As it was, Man o’ War won the 1920 Preakness and Belmont in cakewalks. Furthermore, he finished his brilliant career with a seven-length victory over Sir Barton — the very first Triple Crown winner in 1919 — in the Kenilworth Park Gold Cup that same year.

Funny, isn’t it, how so many horses share the same bloodlines? If you happen to do any research on pedigrees, you will find some interesting parallels among the 11 Triple Crown champs.

Which leads me to the only father-son duo to win the Triple Crown — Gallant Fox (1930), the second horse to do it, and his offspring, Omaha, who matched his feat in 1935.

And then there was the all-over-the-place Whirlaway, whose race-day antics often drove trainer Ben Jones bonkers because he had a habit of bolting for the outside rail. But the Calumet Farms colt, complete with an unconventional one-eyed blinker, corrected his erroneous ways to clinch the trio of races in 1941.

Citation, another Calumet Farms product, won in 1948 with Eddie Arcaro aboard after original jockey Al Snider drowned while fishing in the Florida Keys. Arcaro also rode Whirlaway in 1941, and is the only jockey to win more than one Triple Crown.

Count Fleet — an ill-tempered horse with a chip on his shoulder (yes, horses have shoulders) whose owner twice offered him up for sale before jockey Johnny Longden convinced John D. Hertz (uh huh, as in the rental car company) to keep him — pretty much jogged (well, IF horses could do that, so I guess I’ll have to settle for loped) his way to the Triple Crown title against underwhelming competition in 1943. Longden likened riding the horse with attitude nobody but him really wanted to driving a Cadillac, believe it or not.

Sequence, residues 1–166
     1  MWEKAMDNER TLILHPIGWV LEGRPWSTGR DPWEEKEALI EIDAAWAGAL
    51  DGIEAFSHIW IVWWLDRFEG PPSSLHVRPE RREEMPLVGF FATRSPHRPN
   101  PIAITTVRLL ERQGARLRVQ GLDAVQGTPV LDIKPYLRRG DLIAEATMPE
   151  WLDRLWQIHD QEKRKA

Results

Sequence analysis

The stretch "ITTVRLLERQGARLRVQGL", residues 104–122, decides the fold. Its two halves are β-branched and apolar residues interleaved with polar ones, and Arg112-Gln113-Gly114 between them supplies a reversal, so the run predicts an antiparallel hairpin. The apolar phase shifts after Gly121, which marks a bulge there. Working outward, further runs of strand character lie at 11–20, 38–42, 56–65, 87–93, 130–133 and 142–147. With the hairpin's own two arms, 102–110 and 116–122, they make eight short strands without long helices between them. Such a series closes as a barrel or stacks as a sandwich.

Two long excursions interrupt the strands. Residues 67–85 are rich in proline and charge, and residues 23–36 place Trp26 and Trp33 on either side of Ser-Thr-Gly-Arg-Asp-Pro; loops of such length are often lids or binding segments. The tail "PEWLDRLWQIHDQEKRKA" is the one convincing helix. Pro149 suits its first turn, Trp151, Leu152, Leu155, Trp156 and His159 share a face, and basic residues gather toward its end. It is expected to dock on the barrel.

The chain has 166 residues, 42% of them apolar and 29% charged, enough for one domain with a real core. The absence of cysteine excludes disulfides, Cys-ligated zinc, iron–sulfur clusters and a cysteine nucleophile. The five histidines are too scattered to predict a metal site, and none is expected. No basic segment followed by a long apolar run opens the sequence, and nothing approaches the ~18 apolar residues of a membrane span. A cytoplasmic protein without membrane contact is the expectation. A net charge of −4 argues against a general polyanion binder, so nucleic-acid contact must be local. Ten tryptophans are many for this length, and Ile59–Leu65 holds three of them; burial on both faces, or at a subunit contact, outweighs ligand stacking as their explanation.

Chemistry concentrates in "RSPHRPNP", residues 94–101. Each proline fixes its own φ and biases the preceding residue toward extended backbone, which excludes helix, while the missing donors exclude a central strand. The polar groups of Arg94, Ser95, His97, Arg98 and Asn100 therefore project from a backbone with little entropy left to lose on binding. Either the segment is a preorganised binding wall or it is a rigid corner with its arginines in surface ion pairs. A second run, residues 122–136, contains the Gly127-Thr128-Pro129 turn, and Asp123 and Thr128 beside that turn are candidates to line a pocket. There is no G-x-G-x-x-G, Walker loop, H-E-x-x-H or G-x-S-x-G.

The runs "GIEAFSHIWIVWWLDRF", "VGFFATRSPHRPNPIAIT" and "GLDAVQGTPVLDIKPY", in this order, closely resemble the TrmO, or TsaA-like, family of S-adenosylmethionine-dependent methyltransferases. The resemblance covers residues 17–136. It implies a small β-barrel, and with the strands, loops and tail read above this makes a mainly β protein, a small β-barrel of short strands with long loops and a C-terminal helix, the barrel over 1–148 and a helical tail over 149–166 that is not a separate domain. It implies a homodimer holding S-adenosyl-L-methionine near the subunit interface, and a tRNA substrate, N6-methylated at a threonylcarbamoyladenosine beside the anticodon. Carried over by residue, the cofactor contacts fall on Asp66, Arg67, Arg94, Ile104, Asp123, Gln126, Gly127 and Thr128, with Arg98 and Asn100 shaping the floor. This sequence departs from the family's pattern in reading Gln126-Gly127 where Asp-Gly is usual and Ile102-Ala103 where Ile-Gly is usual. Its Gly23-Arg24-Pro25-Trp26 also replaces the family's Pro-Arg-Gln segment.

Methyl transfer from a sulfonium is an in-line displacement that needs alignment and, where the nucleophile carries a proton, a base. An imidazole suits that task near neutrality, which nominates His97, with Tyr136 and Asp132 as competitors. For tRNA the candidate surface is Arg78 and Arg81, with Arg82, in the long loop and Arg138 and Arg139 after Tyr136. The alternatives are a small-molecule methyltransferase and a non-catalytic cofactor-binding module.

Bold Venture — who won the Derby and Preakness but did not start in the Belmont in 1936 — sired Texas-born Assault, who got the job done in 1946. Assault was maligned by illness and injury throughout his life, permanently deforming his right hoof stemming from an accident that left him with a permanent limp, but that didn’t slow him from winning the trifecta.

And, of course, who hasn’t heard of Secretariat? Nicknamed “Big Red” like Man o’ War — arguably the greatest racehorse of all time — Secretariat’s records in each of the three races still stand to this day. His 31-length margin of victory in the Belmont broke Count Fleet’s long-standing record of 25. He retired as a 3-year-old just like Man o’ War, although Secretariat proved to be a real dud at stud. Unlike Man o’ War.

Remember what I said earlier about researching pedigrees? Seattle Slew, the 1977 winner, just so happens to be the great-great grandfather of — drumroll — California Chrome.

How very apt.

Here’s hoping the horse who doesn’t like getting dirt kicked up in his face is the one leaving the others to eat HIS dust. Here’s hoping he has enough stamina to outlast the field. And here’s hoping that no one ever stops believing in the magic that is the Triple Crown.